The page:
KOSANBA Executive Board

Photo of Yanique Hume

President (2021–2024): Iyalochá & Madre Nkisi Dr. Yanique Hume
Dr. Yanique Hume is an Associate Professor of Cultural Studies at the University of the West Indies, Cave Hill Campus. She is a multifaceted scholar, priestess, dancer, and choreographer with research expertise and specialization in the religious and performance cultures of the African Diaspora. Operating from the disciplines of cultural studies, Africana religious studies and performance studies,  Dr. Hume’s research experience and teaching areas include the festive and sacred arts, Caribbean cultural thought, popular culture, migration, and diasporic identities. Dr. Hume is the co-editor of three volumes, Caribbean Cultural Thought: From Plantation to Diaspora (2013); Caribbean Popular Culture: Power, Politics, and Performance (2016); Passages and Afterworlds: Anthropological Perspectives on Death in the Caribbean (2018).  Her creative practice extends over 30 years working across the African diaspora with companies such as L’ACADCO: A United Caribbean Dance Force, the National Dance Theater Company of Jamaica, and Danza Caribe of Cuba. She continues to hold international workshops on the sacred and popular dances of the Caribbean and is part of an African Diaspora dance project known as Afro-Feminist Performance Routes. 


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Vice President (2021–2024): Manbo Dr. Charlene Désir
Dr. Charlene Désir is a professor at Nova Southeastern University. She received her doctorate from the Harvard Graduate School of Education. Dr. Désir’s academic interest is in the social, psychological, and spiritual adjustment of young adults, specifically psycho-social trauma, and how psychosocial issues affect social, cognitive, identity, and spiritual development. Dr. Désir has presented various papers on the topic of Haitian and Diaspora youths' adjustment to the US. She has also published and created programs on the topic of immigrant identity, spirituality, and becoming a reflective researcher. Dr. Désir founded the Empowerment Network (TEN), Global, a non-profit that supports the personal, spiritual, and academic development of women and students in Haiti and the US. Presently she is the co-vice president of Kosanba, an academic association on the study of Haitian Vodou & PanAfrican Religions, and an initiated, member of Sosyete Nago Vodou Community. She was the 2012 president of the Haitian Studies Association and a gubernatorial appointee to the Children’s Services Council in Broward County, FL. Dr. Désir has worked as a school psychologist, K-12 school counselor, school administrator, academic advisor, healer and professor.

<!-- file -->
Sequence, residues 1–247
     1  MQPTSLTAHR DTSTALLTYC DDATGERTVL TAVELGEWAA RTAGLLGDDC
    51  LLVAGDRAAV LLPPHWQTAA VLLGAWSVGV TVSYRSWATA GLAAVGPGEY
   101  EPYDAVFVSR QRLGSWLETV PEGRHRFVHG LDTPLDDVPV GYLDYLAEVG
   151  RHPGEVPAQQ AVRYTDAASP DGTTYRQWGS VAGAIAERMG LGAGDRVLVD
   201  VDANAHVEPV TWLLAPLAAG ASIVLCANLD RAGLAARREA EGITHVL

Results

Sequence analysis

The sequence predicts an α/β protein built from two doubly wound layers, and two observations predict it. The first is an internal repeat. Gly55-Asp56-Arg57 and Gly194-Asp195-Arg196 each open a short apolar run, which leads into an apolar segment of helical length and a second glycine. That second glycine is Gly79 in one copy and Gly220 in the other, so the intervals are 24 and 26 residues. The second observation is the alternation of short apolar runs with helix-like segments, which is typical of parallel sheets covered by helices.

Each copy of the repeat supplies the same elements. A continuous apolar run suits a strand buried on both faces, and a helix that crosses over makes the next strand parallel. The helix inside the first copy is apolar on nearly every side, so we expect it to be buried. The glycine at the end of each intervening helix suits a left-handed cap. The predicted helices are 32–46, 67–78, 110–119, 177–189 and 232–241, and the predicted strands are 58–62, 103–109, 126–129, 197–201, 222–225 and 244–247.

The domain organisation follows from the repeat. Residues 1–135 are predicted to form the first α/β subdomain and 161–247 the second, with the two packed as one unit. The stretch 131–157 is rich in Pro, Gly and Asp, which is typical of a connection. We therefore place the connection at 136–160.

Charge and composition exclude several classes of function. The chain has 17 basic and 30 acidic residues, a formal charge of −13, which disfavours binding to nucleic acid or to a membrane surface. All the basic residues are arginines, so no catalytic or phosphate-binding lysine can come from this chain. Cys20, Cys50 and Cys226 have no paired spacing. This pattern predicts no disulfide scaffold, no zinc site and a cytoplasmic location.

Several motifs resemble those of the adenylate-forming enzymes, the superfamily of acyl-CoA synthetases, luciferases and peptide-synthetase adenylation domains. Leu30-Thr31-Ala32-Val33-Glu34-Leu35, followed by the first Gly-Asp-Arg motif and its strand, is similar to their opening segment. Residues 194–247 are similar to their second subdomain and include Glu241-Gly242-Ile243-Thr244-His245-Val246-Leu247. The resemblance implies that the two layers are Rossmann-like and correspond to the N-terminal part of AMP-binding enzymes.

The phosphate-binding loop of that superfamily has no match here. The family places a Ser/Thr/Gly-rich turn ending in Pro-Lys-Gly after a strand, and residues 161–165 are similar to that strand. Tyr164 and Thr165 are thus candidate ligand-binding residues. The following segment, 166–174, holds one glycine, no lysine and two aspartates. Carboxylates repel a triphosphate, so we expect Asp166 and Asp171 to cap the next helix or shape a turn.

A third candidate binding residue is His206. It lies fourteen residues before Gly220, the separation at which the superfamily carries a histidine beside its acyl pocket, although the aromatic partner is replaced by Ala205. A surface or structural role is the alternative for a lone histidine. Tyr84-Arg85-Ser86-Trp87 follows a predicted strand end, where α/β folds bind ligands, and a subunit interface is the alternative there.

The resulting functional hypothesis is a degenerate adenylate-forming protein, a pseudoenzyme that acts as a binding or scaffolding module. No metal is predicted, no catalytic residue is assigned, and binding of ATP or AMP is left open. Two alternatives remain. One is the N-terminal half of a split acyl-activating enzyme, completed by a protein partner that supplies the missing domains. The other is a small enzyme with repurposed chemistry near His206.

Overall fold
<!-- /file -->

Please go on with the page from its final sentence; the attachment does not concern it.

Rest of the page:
Kyrah Malika Daniels

Vice President (2021–2024): Manbo Dr. Kyrah Malika Daniels
Dr. Kyrah Malika Daniels is Assistant Professor of African American Studies at Emory University. Her research interests include Africana religions, sacred arts and material culture, race and religion, and ritual healing traditions in the Black Atlantic world. Daniels’ first book (Art of the Healing Gods, under review) is a comparative religion project that examines sacred art objects used in Haitian and Congolese healing ceremonies. Following the Haitian earthquake of 2010, she worked in St. Raphael with Lakou Soley Academic and Cultural Arts Center, a grassroots organization that develops arts-based pedagogy. Her work has been published in the Journal of Africana Religions, the Journal of Haitian Studies, and the Journal for the American Academy of Religion. Daniels serves as a Leadership Council Member for the African and Diasporic Religious Studies Association (ADRSA). She completed her B.A. in Africana Studies at Stanford University, and received her M.A. in Religion and her Ph.D. in African & African American Studies at Harvard University.


Michelle Ajisebo McElwaine Abimbola

Secretary (2022–2025): Iyanifá & Asojú Èsìn ati Àsà Yorùbá Michelle Ajisebo McElwaine Abimbola